I was recently pointed to an organization called “Trade as One.” They partner with churches and individuals to direct consumer spending toward making more Fair Trade purchases on everyday items. Not a particularly new or unique concept. They have a vetting process for the products they sell which ensures the buyer that in addition to making a Fair Trade purchase, he or she is also helping to provide a sustainable wage for individuals in the most abject poverty. From their website:
[Trade as One] uses the power of consumer dollars, not donations, to bring jobs and holistic care to some of the most vulnerable people in the world. By choosing to substitute goods made by missional businesses for ones traditionally bought in the shopping mall, people in America can use their consumer dollars to bring hope and dignity to thousands of families.
I was particularly intrigued by a campaign they run near the holidays called “Just One.” The idea is to encourage people to make at least one of their holiday gift purchases a Fair Trade item. They claim that if everyone who attends church in the US made just one Fair Trade purchase that would be enough to lift one million families out of poverty for an entire year. To that end, they’ve partnered with churches like Willow Creek, North Point Community, and Menlo Park Presbyterian to mobilize their congregations to make more Fair Trade purchases. Watch this two-minute video on how Trade as One partners with churches:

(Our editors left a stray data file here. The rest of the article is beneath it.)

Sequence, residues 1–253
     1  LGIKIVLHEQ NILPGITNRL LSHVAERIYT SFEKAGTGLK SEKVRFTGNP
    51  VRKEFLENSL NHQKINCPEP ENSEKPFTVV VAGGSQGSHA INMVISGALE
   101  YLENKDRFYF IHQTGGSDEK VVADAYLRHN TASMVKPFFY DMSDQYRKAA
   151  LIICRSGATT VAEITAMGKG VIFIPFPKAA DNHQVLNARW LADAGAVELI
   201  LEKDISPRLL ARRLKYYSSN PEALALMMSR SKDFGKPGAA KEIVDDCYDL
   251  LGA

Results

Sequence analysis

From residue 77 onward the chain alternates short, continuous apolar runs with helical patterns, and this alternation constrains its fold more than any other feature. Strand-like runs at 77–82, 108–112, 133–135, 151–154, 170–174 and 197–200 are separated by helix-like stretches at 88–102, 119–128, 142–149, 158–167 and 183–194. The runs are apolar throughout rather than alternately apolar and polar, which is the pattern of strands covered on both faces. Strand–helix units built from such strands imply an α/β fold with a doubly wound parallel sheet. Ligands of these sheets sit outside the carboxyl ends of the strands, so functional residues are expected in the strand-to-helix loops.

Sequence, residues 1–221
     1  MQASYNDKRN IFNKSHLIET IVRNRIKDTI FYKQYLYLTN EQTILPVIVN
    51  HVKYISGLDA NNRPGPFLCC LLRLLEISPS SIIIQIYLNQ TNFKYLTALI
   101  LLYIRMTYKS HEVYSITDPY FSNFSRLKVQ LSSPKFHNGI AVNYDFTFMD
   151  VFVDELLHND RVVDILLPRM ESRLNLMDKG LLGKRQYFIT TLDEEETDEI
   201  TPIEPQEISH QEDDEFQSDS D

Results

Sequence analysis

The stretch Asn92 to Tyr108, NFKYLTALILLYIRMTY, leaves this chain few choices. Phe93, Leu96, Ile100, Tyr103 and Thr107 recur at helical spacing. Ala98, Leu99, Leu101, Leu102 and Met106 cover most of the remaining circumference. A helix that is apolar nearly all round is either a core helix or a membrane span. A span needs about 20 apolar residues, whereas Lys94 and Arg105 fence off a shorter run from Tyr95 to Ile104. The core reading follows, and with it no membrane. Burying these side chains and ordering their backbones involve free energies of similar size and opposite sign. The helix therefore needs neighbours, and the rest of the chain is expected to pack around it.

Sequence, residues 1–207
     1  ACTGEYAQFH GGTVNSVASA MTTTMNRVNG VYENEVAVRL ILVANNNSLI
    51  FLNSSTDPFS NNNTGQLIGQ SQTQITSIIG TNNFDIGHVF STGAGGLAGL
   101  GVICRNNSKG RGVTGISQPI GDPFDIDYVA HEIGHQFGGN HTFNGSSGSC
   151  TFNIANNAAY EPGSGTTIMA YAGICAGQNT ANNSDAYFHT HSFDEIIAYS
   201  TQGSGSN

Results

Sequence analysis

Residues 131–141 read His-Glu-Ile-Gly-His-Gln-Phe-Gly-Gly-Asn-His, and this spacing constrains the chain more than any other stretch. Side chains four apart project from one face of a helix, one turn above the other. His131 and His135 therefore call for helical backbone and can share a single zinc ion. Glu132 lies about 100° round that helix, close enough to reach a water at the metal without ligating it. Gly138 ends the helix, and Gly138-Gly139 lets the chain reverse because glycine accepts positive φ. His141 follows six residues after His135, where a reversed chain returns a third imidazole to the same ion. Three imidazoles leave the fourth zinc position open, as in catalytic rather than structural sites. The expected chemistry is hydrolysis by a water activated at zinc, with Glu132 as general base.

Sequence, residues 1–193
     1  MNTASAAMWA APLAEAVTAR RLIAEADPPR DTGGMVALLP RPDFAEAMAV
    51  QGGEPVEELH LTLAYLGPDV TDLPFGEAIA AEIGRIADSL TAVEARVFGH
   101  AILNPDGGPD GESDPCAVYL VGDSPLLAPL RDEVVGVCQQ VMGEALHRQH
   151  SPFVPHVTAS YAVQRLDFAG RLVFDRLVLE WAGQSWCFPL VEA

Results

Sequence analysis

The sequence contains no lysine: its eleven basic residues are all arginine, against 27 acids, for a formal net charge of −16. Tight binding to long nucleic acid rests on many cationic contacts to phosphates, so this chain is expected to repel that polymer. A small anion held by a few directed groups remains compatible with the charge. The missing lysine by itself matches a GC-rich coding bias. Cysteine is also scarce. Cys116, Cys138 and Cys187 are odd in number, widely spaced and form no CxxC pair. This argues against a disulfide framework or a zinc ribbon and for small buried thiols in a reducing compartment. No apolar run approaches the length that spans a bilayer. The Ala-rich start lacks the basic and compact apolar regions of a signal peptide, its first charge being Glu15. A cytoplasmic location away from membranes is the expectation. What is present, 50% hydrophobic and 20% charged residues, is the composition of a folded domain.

Did you catch that bit in the middle? The organization’s founder, Nathan George, says,
[The church] has enormous potential to speak prophetically to the marketplace and model a redemptive way our money can be spent.